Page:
Thalassemia is preventable. A single test before marriage or before planning a child can prevent the birth of a thalassemic child, a doctor said at a seminar on thalassemia on Saturday.
More awareness campaigns are required to inform people that preventing thalassemia is so simple, said Ramendu Hom Chaudhuri, an orthopaedic surgeon.
A genetic disorder, thalassemia is passed on to children from their parents.
Mayor Firhad Hakim, who was present at the seminar organised by the Rotary International, promised to dedicate all hoardings in Kolkata for thalassemia prevention messages on May 8, which is World Thalassemia Day.
“One has to do a simple test called the HPLC test before they get married. This test will show if the parents are carriers of thalassemia. If both the parents are found to be carriers, there would be a 25 per cent probability that the child would suffer from the same,” said Chaudhuri.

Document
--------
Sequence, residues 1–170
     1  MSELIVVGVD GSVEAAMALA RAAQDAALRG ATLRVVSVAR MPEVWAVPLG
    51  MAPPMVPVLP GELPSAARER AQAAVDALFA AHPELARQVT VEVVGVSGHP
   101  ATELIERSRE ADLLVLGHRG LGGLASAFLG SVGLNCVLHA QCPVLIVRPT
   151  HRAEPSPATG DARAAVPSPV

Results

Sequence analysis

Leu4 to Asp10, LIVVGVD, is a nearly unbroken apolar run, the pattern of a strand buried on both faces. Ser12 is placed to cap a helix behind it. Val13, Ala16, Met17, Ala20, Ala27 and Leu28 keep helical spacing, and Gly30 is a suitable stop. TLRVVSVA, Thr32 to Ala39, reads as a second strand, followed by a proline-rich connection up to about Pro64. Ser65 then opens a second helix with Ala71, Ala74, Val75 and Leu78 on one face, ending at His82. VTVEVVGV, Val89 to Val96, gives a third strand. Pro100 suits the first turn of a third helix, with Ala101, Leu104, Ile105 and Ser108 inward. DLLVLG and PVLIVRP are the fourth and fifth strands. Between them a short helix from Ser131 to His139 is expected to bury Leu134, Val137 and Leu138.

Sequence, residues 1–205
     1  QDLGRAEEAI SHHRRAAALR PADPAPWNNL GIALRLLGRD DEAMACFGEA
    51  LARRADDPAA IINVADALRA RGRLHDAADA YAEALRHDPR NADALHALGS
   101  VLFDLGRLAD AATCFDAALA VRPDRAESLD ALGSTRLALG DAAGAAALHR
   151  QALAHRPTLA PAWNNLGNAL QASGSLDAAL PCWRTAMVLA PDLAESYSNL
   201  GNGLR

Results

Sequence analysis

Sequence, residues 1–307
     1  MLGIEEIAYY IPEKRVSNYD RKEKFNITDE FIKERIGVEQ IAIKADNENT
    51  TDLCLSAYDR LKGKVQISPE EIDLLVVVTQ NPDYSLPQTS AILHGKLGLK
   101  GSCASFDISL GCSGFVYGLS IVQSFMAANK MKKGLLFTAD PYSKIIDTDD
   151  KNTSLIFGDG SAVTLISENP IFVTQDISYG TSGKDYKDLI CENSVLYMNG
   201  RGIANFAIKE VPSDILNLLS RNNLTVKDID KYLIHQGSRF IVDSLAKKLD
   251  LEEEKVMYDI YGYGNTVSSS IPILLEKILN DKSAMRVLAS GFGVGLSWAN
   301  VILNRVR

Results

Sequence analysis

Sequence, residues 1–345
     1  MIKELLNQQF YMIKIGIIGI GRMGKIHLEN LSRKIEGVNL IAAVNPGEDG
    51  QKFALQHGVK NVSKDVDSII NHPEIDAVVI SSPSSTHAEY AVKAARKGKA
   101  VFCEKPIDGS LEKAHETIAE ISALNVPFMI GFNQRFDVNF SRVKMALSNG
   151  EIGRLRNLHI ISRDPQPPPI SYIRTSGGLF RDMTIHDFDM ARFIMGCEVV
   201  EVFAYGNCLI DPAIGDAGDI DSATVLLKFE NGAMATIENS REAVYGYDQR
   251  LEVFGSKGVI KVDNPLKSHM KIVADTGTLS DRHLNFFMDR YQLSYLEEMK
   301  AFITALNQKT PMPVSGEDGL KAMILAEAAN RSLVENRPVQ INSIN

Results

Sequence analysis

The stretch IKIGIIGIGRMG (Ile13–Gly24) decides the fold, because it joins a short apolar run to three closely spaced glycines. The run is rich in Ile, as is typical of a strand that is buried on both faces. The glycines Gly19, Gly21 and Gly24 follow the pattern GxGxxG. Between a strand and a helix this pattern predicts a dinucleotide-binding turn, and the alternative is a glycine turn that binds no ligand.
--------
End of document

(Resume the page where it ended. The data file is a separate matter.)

Dipanjana Dutta, a genetic counsellor, said she did not advocate pre-marriage screening but always supported preconception screening.
Dutta, who was not present at the seminar, said not all kinds of thalassemia require blood transfusion.
If a couple did not undergo the HPLC test earlier, they should undergo the test
before they plan a child, said Soumya Mukherjee, a haemato oncologist with the Ruby General Hospital.
He was not a participant in Saturday’s seminar.
“A pregnant woman can undergo CVS or amniocentesis tests that would help determine whether the child could be thalassemic. I would advise couples who did not undergo the HPLC test to do the CVS test,” said Mukherjee.
If it is found that the child could be thalassemic, the couple could opt for medical termination of pregnancy.